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The Top Law Schools for Civil Rights Attorneys

by Dannelle F. Walker, studioD

Civil rights attorneys fight to answer complex questions concerning civil liberties and ensure the protection of individual rights, according to the American Bar Association. Civil rights and human rights are often used interchangeably. Because protecting an individual's freedom is paramount, many law schools take great care to prepare future lawyers to be passionate and competent advocates.

Yale University Law School

Yale University Law School, in New Haven, Connecticut, is consistently ranked in the top ten law schools in the country. It should be no surprise that their programs for civil rights are equally as impressive. In addition to the traditional course of study, Yale law students interested in civil rights have access to a full center dedicated to this area of the law. According to its website, the Orville H. Schell, Jr. Center for International Human Rights allows law students to contribute to the development of local and international human rights through scholarly and practical experience. Yale also has the Human Rights Law Clinic that allows students to practice this area of law under the direction of professor-attorneys. Finally, Yale is home to the Yale Human Rights and Development Law Journal, which allows students to publish pieces that advance the legal theories related to this area of the law.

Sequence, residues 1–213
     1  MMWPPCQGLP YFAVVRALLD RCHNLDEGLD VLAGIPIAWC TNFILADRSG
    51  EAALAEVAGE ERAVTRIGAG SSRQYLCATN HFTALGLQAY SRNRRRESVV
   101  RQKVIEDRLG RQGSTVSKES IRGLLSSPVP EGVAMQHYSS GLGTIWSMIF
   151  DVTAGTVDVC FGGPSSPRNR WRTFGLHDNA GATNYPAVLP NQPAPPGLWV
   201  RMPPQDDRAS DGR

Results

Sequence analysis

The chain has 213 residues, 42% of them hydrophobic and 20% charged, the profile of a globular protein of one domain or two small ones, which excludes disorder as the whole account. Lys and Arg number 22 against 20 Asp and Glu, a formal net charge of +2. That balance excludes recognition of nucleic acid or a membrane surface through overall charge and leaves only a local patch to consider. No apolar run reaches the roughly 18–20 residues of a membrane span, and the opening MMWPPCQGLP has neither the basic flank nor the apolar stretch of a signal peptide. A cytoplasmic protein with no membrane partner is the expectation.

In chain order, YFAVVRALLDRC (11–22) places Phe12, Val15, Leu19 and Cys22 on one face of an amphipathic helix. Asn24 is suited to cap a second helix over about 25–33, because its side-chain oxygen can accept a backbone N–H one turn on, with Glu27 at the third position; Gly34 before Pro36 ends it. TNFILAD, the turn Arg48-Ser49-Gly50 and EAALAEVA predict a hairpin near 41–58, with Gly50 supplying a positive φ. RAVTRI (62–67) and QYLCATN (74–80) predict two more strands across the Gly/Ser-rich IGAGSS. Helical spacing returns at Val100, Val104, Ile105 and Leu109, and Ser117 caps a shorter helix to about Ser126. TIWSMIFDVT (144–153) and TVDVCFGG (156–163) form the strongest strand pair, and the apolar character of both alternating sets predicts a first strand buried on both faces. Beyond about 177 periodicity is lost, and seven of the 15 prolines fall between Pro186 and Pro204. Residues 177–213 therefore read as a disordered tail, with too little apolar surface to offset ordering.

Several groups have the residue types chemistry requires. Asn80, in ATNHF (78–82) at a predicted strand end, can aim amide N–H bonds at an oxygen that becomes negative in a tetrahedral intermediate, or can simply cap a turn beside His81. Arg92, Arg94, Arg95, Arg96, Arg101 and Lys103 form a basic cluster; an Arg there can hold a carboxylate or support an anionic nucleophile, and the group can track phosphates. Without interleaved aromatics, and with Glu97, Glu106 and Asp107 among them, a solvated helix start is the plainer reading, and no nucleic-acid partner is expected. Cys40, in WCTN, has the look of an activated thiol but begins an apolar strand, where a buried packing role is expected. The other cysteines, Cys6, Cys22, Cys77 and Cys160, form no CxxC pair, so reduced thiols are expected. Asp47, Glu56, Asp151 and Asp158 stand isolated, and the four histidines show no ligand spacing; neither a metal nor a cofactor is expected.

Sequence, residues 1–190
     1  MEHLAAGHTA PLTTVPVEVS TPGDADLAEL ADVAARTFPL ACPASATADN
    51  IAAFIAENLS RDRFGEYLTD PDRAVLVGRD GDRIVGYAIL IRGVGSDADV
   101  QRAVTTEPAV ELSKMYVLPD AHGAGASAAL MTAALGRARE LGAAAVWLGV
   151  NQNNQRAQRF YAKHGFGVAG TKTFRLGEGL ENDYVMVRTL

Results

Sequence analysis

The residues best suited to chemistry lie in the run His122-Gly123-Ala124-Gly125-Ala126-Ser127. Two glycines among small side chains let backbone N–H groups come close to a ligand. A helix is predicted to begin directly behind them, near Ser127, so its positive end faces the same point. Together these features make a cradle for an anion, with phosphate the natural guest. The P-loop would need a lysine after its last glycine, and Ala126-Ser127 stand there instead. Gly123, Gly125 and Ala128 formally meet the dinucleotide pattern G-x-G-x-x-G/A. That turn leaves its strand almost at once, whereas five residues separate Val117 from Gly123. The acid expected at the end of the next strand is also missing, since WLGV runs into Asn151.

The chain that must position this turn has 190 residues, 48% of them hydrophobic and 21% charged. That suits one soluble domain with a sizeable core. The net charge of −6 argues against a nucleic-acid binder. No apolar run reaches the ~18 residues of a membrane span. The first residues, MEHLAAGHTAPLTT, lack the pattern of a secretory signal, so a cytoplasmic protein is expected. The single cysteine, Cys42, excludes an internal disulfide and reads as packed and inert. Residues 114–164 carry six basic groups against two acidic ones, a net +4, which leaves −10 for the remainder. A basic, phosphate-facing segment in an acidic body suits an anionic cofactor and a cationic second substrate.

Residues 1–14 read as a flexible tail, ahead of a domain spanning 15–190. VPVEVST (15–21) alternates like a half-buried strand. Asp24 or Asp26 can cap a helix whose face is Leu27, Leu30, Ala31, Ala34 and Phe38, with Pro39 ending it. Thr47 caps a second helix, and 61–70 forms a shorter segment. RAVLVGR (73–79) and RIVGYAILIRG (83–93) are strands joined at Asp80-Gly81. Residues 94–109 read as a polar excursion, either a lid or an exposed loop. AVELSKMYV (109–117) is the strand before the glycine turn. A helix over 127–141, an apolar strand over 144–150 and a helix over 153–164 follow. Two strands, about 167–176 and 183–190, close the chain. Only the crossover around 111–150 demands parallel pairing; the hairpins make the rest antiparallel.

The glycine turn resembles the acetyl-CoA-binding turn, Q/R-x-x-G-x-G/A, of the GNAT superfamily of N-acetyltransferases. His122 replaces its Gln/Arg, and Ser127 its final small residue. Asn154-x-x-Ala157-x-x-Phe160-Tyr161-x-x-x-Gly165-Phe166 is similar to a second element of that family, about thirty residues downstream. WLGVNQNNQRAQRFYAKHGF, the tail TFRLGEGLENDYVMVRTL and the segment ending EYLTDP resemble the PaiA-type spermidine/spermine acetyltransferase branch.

Columbia Law School

Through the Human Rights Institute at Columbia Law School, law students are afforded the opportunity to support and influence human rights practice in the United States and throughout the world. Columbia Law School's human rights curriculum includes courses in genocide law and immigration law as well as seminars in African American, Asian American and Indian rights. Students can gain practical experience through two clinics: the Child Advocacy Clinic and the Human Rights Clinic. Similar to Yale, Columbia publishes a Human Rights Law Review journal where students receive academic credit for publishing scholarly work.

University of Virginia School of Law

The Human Rights Program at the University of Virginia is based on the belief that “protecting human rights is the foundation of the law.” The law school offers a total of 27 courses in human rights that include privacy and surveillance, refugee law and policy and international perspectives on the death penalty. Students also gain practical experience through the First Amendment, Human Rights and Immigration Law clinics. Through these clinics, students have the opportunity to provide free legal services to notable clients such as the United Nations, the Center for Constitutional Rights and the American Civil Liberties Union.

Common Courses in Civil Rights

Students who do not attend these three schools can still become civil rights attorneys through the study of core courses such as constitutional law, civil procedure and the First Amendment. Students should also seek clinic and work experience that exposes them to attorneys who practice this area of the law. This will help to add skills and experience to the study of civil rights law.

About the Author

A native of Nashville, Tenn., Dannelle F. Walker is an education lawyer and policy maker. Her areas of expertise include teacher liability, educator ethics, and school operations. She holds a JD from the University of Arkansas School of Law.

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